Many people host emotional funerals after their loved ones have passed on. For the wife of a police officer, however, this can sometimes be magnified by the turnout at the funeral. In this case, Erin Bauer, the wife of the late Paul Bauer, was touched immensely by the numbers of citizens of Chicago who came out on the streets to pay tribute to her husband. She described the emotion in a letter that she has shared with the public and the city of Chicago in particular.
She wrote, “Our hearts are broken in a million pieces and our lives are forever changed,” she wrote. “But that’s not the reason I am writing. I am writing to thank the people of Chicago for the outpouring of love and support at this horrendous time in our lives.”
Paul Bauer was confronting a felon in a foot chase when he died.
The traumatic incident inspired many citizens to come out to pay their respects to the man who worked for their city, trying to keep it safe.
She went on to write,
“I want to thank those of you who waited for hours in the cold to attend his wake and funeral. There were families with small children waiting in the bitter cold to say a prayer, hold a homemade sign, or wave a flag.”
The emotional letter continued, “I saw each and every one of you from the darkened window of my car,” she added, referencing the hundreds of people who stood on overpasses and along roadways to watch the funeral procession.
Bauer lost his life when he was shot six times by a suspect and convicted felon in the stairwell of the city’s Thompson Center last week. The incident escalated after officers on narcotics patrol approached the young Shomari Legghette and then a chase on foot ensued. Bauer was in his squad car nearby when he received the call.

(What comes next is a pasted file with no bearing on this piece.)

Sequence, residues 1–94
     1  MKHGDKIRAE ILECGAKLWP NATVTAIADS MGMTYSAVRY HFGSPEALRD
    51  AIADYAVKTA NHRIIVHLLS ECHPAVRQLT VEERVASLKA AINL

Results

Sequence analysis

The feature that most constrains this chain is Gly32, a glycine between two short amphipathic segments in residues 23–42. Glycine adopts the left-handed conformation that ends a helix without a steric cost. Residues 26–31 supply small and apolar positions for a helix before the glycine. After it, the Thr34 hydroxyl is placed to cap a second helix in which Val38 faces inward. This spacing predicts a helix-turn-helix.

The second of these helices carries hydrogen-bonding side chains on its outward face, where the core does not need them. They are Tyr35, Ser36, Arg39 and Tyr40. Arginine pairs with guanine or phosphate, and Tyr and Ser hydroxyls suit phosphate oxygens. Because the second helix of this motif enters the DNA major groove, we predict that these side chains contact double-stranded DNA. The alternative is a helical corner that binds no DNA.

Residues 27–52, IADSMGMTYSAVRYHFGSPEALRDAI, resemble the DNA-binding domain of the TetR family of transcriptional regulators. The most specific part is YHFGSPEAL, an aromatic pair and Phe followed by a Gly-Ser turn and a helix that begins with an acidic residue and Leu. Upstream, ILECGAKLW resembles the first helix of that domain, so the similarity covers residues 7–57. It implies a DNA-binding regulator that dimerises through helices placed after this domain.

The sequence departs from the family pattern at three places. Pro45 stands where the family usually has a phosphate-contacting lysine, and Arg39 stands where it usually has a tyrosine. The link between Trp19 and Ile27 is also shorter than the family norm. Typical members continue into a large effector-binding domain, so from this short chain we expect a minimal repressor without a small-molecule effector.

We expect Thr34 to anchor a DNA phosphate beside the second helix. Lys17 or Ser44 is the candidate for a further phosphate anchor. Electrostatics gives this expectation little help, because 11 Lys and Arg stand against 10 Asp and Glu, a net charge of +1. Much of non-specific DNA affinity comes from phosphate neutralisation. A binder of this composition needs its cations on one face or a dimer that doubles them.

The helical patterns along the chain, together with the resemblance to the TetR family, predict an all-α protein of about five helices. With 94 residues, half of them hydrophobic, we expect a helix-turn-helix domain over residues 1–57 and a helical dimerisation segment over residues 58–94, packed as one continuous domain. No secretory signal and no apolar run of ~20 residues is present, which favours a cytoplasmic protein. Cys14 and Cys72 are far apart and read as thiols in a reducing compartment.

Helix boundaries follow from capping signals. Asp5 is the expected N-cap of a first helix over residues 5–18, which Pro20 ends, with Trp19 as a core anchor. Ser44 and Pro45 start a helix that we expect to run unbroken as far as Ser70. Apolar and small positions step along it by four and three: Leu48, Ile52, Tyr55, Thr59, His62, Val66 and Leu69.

He was supposed to be waiting to attend a meeting at City Hall, but the call for back-up interrupted him, and meant he would never go to the meeting at City Hall. Legghette has been charged with first-degree murder of a police officer and is being held without bond.
Erin Bauer wrote how she become saddened after the event, but how the city of Chicago was able to help bring her back to her feet. “One man almost stole my faith in humanity, but the City of Chicago and the rest of the nation restored it and I want to thank you for that,” Bauer wrote, to finish her letter. Finally, she added some humor to ease the situation and show her strength.
It also gave us a glimpse into the kind of man Paul Bauer was, “Paul would have been terribly upset that he inconvenienced so many people with the parking restrictions… He would have winced that the Dan Ryan closed down for the funeral procession.” She wrote, “If I wasn’t out of tears, I would have cried the entire route to the cemetery.”